RR: Growing up I loved movies like Blade Runner. I don’t know if it was the drugs or the influence but I started exploring and making art with video while I was in college. When I was a video jockey at the raves I discovered projectors. I started pointing that projector at everything and realized I could make my art big and compelling using the surrounding space. It was frustrating at the time because I was poor. Actually, I stole my first video projector. But I stuck with it and now I have a studio and all the gear that I need. I have an amazing set of skills that I have developed over the years and a production staff that is mine. Now I can come to Sundance and create a large scale, 4000-pixel wide projection on the Egyptian Theater.
L+T: Talk about the thought process behind the Egyptian Theater.
RR: They wanted us to project on the Egyptian as a festival trailer but the challenge was that I know how many times people see this trailer and most of the time it is annoying. I had this idea of someone walking along Main Street at night and they come upon this magical moment where the Egyptian comes alive with 30 years of Sundance. I wanted to use the legacy of Sundance and all of the films that have come through the festival to make it like an Easter egg hunt so that every time you watched it you would see a different reference. We used the architecture of the Egyptian – the marquee, movie posters and columns – as our canvas. Some people think that it looks fake but that was all through the lens.
L+T: You’re building off of 2013’s “What’s He Building In There?” Can you talk about that a little bit?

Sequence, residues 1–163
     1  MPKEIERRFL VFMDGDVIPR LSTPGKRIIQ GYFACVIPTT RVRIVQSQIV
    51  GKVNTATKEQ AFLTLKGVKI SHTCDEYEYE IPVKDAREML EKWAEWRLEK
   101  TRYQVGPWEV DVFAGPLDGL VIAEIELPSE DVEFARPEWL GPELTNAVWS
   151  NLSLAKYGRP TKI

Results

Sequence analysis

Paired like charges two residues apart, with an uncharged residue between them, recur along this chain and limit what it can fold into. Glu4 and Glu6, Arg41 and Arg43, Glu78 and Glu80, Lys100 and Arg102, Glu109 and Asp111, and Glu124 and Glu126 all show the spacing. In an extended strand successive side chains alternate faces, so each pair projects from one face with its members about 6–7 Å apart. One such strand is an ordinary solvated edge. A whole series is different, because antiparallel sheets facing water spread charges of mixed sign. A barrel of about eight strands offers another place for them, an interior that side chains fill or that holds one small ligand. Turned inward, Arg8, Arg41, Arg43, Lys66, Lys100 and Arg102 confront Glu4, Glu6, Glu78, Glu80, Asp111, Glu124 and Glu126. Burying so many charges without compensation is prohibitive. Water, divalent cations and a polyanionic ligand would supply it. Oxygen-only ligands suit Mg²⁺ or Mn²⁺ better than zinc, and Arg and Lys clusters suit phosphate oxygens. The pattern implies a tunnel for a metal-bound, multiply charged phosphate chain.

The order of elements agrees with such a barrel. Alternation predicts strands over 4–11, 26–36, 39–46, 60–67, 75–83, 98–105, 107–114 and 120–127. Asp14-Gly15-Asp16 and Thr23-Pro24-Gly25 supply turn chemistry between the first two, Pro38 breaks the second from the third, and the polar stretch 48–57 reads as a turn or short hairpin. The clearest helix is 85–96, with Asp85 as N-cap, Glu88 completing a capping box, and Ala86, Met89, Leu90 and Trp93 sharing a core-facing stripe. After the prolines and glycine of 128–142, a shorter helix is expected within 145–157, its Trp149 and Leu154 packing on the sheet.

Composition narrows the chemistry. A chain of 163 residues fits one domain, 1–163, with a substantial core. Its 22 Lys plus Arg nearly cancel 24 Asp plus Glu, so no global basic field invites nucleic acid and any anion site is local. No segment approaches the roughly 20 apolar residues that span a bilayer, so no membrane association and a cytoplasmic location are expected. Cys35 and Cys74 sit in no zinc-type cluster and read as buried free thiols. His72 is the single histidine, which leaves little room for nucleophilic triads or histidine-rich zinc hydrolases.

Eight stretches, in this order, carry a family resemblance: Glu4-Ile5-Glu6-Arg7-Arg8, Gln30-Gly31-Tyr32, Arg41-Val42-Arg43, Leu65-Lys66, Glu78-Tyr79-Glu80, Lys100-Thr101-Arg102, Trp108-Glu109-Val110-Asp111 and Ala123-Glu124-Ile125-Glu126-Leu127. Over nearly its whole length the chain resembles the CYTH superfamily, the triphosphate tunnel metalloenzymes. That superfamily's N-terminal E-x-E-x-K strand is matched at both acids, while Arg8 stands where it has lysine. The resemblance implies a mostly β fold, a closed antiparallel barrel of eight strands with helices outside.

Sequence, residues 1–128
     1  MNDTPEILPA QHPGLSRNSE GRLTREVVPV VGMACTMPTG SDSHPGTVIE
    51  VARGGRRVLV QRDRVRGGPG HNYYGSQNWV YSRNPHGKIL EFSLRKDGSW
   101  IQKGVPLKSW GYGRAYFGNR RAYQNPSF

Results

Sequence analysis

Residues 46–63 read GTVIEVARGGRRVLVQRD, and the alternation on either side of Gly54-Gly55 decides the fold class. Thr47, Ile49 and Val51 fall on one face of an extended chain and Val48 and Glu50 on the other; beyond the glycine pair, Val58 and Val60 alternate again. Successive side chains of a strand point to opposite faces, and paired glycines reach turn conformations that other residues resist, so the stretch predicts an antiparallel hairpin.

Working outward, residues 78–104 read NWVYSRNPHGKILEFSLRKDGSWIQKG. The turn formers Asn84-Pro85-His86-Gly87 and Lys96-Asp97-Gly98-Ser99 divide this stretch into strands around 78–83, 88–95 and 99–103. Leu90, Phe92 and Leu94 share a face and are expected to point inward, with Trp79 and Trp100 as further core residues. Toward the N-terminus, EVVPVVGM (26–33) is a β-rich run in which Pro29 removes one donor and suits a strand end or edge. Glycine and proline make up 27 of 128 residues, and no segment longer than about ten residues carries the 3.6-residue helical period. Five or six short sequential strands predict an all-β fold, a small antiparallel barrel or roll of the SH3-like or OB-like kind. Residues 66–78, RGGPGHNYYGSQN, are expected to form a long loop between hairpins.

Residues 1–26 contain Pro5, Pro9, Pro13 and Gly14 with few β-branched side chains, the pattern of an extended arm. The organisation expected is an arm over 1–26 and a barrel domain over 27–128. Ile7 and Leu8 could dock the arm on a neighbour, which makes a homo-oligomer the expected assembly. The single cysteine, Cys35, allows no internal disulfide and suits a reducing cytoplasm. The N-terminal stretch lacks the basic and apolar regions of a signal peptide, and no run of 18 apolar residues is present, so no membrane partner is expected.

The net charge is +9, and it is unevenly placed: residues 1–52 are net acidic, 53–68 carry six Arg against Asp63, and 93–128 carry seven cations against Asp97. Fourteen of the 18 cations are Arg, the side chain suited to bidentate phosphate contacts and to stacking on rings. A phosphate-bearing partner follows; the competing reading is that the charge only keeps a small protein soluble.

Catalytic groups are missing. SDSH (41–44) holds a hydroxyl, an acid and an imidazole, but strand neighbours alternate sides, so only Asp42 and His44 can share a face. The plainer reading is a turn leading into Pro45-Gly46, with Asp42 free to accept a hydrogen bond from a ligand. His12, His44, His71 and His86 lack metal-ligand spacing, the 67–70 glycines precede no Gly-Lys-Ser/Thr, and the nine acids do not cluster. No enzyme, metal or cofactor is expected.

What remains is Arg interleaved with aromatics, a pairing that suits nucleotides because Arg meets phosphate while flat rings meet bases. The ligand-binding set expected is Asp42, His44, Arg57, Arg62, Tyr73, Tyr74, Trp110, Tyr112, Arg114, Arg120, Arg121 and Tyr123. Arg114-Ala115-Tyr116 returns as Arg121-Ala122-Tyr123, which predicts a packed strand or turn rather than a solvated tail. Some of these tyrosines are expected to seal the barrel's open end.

RR: After participating in 2007, Sundance wanted me back but they wanted to challenge me by having project on a mundane one-story building, which was where New Frontier would be. I wanted to explore narrative in projection mapping so I spent weeks figuring out what it was going to be. I started playing with this inside/outside idea but it was a boring narrative. Then it hit me because I always wanted to visualize that Tom Waits song “What’s He Building In There” because it’s so creepy and fucked up. That’s the inspiration behind “What’s He Building In There” and what we did with the Egyptian Theater is a sequel to that.
L+T: What’s next?
RRt: I have big shit on the horizon. I’m interested in creating a series with these installations. The first is called Vacant America and is being developed through the Sundance Film Lab. It’s a series of site specific projection mapped installations across the country. We’re going to create an online map of America where people can submit stories of abandoned spaces across the country. The concept for us is to take that story, create a visual and go out to that space and projection map the story in the vacant space. I’m not just talking about factories in Detroit I’m also interested in an abandoned farm in Iowa or a strip mall in New Jersey where someone’s father me their mother at the pizza shop. We’ll then populate the map with these pieces so people can submit and consume. I’m interested in the themes that develop between these pieces. I have my own ideas of what Vacant America is about but I want the people to tell it. It’s a weird documentary approach with projection mapping. For me, this is what new media is supposed to be.
For more information, check out Klip TV